That’s the price the Fred Meyer store on Highway 410 near 208th Avenue East and the Safeway at 410 and 214th Avenue East were charging Thursday for a gallon of unleaded regular. Two other stations along 410, an Arco at 208th Avenue East and an Arco at Old Sumner Buckley Highway, were both charging $3.31 a gallon or less to compete according to The News Tribune’s Gas Deal Finder.
In Lakewood along Steilacoom Boulevard, a Shell station at 83rd Avenue Southwest has posted regular for $3.29 a gallon. And three other stations in the vicinity, a 76 at Farwest Drive Southwest, a Pettit at Phillips Road Southwest and a Chevron at 74th Street West, were all selling regular for $3.31 a gallon.
In the Olympia area, gas prices are falling, but not quite as dramatically as in Pierce County. The lowest price was $3.39 a gallon at a Shell station at 2125 Caton Way and at an APP at 1312 Fones Road SE.
Those dramatically low gas war prices are being posted as the overall average price of gas in the Tacoma area continues declining steeply. In late afternoon Thursday, that price was $3.562 a gallon, down more than four cents in a single day. In the last week, unleaded regular prices in the Tacoma area have fallen more than 20 cents a gallon. In the last month, those same average prices are down 46.1 cents a gallon.
What’s behind those dramatically lower prices? Luke Xitco, president of one of Washington’s largest petroleum distributors, Tacoma’s Associated Petroleum Products, said those independent gasoline dealers, particularly those that are operated by supermarket chains, are using low gas prices as traffic builders for their retail operations.
Wholesale prices, as they do most every fall, have fallen substantially, said Xitco. Some dealers lag in dropping their retail prices in step with those wholesale declines, he said.
“This is when they can make finally make some money,” he said, “because there’s a 30-cent or so margin between wholesale and retail prices.
But other dealers, particularly those whose only business isn’t gas, will follow the wholesale price downward with their retail prices. That phenomenon is particularly true in locales where their competitors are lowering prices. Thus a gas war.
Xitco said he expects prices may continue to fall, but more gradually. or level out. The price the lowest price stations are now charging, he said, is close to what they’re paying.
Last year, average prices declined to $3.22 a gallon in mid-December before beginning to rise again.
In Bonney Lake, price made all the difference at gas stations along Highway 410. At midafternoon Thursday, stations selling gas for $3.69, $3.65 and $3.99 were without patrons while the price-leading Fred Meyer, Safeway and Arco stations hosted a full house of customers.
Lynn Conger of Buckley said she watches gas prices carefully, so when she saw Fred Meyer’s price, she decided it was time to fill up her big Chevy Suburban. She was paying $3.179 a gallon with a 10-cent discount with Fred Meyer card. She figured she was saving about $20 on her usual $100 fillup.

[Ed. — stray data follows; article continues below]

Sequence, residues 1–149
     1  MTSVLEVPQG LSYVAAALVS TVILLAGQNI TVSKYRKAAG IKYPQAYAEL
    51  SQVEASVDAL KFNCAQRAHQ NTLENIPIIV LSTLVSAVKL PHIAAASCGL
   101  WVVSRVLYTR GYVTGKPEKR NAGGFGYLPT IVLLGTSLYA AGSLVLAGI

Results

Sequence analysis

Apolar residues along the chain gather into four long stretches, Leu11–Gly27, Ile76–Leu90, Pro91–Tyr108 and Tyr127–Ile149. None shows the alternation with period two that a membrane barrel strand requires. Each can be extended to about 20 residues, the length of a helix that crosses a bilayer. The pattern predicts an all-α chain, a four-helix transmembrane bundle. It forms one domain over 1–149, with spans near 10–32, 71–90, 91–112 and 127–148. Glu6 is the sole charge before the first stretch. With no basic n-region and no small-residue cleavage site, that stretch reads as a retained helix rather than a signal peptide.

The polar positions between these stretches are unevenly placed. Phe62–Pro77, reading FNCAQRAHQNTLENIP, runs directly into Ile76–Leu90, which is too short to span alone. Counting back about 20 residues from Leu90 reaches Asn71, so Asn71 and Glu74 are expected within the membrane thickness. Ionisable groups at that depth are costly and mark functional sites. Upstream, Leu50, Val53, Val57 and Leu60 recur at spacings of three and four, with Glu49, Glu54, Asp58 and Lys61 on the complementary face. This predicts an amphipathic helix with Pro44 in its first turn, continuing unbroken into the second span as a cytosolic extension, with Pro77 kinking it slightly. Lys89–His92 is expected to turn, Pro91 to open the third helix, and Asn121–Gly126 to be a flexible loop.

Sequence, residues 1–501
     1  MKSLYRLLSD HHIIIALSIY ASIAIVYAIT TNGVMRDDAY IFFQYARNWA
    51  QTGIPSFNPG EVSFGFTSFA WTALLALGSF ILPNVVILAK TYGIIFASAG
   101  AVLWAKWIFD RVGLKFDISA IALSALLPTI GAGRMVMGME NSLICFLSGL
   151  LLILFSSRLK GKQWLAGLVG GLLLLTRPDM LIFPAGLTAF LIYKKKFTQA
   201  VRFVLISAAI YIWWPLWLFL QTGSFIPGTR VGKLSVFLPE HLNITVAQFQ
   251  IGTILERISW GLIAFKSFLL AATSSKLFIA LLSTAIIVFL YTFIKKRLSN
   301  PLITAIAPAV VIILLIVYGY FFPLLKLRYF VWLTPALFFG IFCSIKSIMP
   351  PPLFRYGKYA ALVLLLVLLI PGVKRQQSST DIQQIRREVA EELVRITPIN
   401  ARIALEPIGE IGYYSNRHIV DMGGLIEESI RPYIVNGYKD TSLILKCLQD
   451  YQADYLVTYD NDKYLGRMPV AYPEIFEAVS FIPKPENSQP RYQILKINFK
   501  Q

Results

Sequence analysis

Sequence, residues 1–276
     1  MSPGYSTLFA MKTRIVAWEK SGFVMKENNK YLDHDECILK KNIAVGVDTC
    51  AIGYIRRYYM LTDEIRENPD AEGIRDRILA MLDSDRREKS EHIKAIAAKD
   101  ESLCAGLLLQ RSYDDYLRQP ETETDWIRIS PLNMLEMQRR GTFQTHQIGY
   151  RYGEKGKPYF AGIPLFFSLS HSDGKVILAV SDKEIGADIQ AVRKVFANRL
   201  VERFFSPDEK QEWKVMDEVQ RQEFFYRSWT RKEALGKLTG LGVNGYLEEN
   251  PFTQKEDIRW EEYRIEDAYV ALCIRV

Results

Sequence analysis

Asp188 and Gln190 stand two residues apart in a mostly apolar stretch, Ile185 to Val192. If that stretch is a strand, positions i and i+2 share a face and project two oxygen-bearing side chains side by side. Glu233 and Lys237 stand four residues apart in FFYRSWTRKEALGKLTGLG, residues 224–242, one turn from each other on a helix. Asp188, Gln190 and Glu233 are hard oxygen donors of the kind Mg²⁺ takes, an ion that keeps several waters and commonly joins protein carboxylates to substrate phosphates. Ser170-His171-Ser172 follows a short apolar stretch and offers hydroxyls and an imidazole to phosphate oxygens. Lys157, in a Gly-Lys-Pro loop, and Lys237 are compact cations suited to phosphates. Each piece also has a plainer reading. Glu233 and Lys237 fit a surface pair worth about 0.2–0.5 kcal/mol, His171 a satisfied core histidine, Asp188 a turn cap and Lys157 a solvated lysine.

Jeff Estep brought his big, bus-like recreational vehicle to the station to fill its diesel tanks. He figured he was saving about 50 cents a gallon on his 50-plus-gallon fillup.
Paul Humphreys was paying just $3.129 a gallon using his Fred Meyer car discount, plus the credit card which he used would pay him a rebate on the gas he need to fill his red Toyota Camry.
“It’s nice to see gas prices finally coming down,” he said.
As recently as Oct. 8, the average price of gas in the Tacoma area was $4.12 a gallon, reports TacomaGasPrices.com.
The low price leaders, the Bonney Lake Fred Meyer and Safeway, are 85 cents below the Oct. 8 Tacoma-area average. That price difference means a motorist who bought 15 gallons at those price leaders today would pay $12.75 less than he would have for the same quantity of gas at the area average Oct. 8.
The dramatic local price reductions recently have finally put Tacoma-area average gas prices within striking distance of the nationwide average of $3.532 a gallon. West Coast prices normally are significantly higher than the national average because of higher gas taxes and a constrained local gasoline supply.
Fall typically is the time when gas prices dip the most as driving declines with the onset of bad weather. But this year gas prices haven’t followed time-honored patterns. Gas prices charts for the last 12 months look like a profile map of the Cascades with dramatic highs and lows connected by steep, quick changes.
This year,for instance, gas prices jumped in September as production problems in California affected the West Coast gas supplies. Those production problems are now behind. Early last spring, another time when gas prices are generally lower, prices in Western Washington jumped over $4 a gallon as a fire at the state’s largest refinery, BP’s at Cherry Point, curtailed production.
Once that refinery was back on line in late May, prices declined until mid-July when they bottomed out at $3.48 a gallon before beginning to inflate again as vacationers hit the road and a fire broke out in a San Francisco Bay area refinery.